Spring Sports: Expert Advice for a Great Season - Charleston Moms Network


Whether your kid is trying a new sport this season, on one or more travel teams, or somewhere in-between, Spring is a big sports season. Depending on where you live, the pressure to do more—more travel, more practice, more different sports—can feel overwhelming.

Not sure when your child should be focusing on a single sport? Or whether to force them to stick with something they aren’t loving? How should you console your child after a tough loss?

To answer some of these common questions, The Local Moms Network turned to Sports Contributor Scotty Royster,   an experienced elementary PE & Health teacher as well as a popular lacrosse influencer (follow him @laxguyscotty) to get his insight.


At what age should a child be specializing in a sport?
I believe that kids should be playing multiple sports for as long as they possibly can. It makes the child a better all-around athlete which in turn makes them better at their main sport. Specializing in a sport too early also makes the athlete more prone to burnout. A reasonable time to start specializing in one sport would be around junior year of high school.


Should most kids be playing more than one sport each season?
One sport a season is better for them. I played football in summer/fall, basketball in the winter, and lacrosse in the spring up until my junior year of high school, if any of those sports overlapped it became overwhelming not only for me but also for my parents. One sport each season is plenty enough and also keeps each sport fresh.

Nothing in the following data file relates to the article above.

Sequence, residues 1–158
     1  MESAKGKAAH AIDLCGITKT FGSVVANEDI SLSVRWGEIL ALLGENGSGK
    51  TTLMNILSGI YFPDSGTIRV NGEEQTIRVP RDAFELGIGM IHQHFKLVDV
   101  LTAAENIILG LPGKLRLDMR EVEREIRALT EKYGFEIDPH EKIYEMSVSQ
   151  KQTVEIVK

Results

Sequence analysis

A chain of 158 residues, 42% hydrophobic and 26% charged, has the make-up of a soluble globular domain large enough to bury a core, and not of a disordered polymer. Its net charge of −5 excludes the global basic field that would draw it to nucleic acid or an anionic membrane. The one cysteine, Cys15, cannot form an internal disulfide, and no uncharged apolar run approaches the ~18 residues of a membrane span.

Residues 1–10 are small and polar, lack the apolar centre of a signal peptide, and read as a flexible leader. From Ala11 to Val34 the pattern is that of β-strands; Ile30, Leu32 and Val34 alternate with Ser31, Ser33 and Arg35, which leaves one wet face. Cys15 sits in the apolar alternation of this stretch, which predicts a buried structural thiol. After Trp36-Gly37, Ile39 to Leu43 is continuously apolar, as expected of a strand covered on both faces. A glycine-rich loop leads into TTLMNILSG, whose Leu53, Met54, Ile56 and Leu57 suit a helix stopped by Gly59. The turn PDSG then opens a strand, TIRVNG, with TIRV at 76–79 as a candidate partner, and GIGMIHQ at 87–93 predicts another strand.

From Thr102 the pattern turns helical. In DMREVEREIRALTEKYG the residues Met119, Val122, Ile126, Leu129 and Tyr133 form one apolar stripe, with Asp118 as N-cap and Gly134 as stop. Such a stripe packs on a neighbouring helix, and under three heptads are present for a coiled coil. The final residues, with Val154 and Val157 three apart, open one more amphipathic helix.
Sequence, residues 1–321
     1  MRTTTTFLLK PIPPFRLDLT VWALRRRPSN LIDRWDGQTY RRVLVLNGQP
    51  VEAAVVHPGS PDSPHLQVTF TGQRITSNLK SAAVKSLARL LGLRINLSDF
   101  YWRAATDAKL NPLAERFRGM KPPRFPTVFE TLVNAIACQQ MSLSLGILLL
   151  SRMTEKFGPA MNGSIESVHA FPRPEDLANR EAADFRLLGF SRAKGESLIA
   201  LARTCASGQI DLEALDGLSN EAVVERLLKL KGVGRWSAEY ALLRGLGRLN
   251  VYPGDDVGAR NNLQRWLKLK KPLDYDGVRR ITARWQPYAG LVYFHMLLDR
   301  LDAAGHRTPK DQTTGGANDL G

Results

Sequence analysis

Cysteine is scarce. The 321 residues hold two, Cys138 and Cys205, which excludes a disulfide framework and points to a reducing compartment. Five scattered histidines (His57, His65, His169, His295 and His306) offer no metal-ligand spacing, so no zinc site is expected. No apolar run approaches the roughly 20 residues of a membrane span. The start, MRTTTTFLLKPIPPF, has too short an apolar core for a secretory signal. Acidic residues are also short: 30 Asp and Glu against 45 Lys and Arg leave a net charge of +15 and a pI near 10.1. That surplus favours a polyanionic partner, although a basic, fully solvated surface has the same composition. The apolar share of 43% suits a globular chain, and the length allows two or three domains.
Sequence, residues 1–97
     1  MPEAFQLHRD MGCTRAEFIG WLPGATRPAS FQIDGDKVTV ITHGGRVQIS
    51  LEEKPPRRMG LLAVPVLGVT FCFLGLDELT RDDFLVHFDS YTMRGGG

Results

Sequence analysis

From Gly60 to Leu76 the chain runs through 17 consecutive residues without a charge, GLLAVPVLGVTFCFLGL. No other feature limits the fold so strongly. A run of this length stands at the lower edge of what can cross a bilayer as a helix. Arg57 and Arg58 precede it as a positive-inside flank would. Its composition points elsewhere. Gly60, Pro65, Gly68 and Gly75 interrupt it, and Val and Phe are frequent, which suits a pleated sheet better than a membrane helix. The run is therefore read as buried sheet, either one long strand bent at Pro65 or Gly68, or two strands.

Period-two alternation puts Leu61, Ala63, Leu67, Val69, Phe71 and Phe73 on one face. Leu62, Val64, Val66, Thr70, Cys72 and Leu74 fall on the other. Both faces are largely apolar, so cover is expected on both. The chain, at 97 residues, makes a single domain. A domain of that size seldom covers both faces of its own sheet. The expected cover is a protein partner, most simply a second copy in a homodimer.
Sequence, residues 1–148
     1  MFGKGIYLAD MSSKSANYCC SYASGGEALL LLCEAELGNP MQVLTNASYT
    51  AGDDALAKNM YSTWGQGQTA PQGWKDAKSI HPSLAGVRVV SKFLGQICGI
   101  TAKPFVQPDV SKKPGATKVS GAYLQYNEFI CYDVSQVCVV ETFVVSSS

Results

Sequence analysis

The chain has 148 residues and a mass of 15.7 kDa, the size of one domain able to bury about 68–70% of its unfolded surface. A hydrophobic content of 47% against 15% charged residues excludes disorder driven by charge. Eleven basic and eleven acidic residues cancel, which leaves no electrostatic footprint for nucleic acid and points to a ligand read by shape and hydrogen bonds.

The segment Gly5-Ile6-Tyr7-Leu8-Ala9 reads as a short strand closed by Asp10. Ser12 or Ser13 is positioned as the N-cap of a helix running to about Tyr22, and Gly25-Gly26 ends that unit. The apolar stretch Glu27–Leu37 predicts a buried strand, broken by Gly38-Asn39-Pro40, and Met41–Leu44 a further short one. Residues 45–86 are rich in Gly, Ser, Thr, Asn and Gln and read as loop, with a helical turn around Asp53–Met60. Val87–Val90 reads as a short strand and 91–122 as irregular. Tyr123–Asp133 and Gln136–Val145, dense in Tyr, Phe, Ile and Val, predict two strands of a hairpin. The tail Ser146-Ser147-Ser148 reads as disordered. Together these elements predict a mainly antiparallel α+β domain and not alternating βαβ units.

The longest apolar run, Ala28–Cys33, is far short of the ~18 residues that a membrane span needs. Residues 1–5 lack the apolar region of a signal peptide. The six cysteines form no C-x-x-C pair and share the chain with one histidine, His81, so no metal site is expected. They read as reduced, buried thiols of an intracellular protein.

What should you do if your child wants to try a sport but everyone else in their peer group has been playing already?
Let them play, make sure they are cognizant of the fact that they will be behind their friends skills wise and if they can handle it, it’s fair game. Another factor is do they like the sport or do they just want to be around their friends? If they truly love the sport, a recommendation would be to get private lessons. It’s important that the private lessons are supplemented with the kid training at home also!


What’s the best way to encourage a child after a tough loss?
Different children handle tough losses differently. The common denominator that all kids like is a parent being attentive and listening to them. The last thing any child wants is a parent to tell them what they did wrong or what they could’ve done better after a tough game. There’s a time and place for instructing but after tough loss, it’s certainly not the time.


What should you say if you sign your kid up for something and then they don’t want to do it?
I think it serves as an opportunity for a lesson about commitment especially if they asked you to sign them up. My parents never let me quit anything after I signed up and to this day I thank them for that.


What spring sport do you think every child should at least try, and why?
In my completely non bias opinion (sarcasm), every child should at least try lacrosse. Lacrosse is the perfect blend of finesse, physicality and strategy. The lessons I’ve gained from lacrosse are lessons that have stuck with me.


That’s chatter on TikTok that if your child isn’t really focused and getting expert instruction by age 8, they will never catch up…is that true?
Don’t believe that for a second. Not all things you see on TikTok is true. Charlotte North is the best women’s lacrosse player in the world right now and she did not start playing until she was in 8th grade. Expert instruction for an 8-year-old isn’t needed yet either because at that point the child is still going over the fundamentals of the sport.


This is original content from The Local Moms Network.

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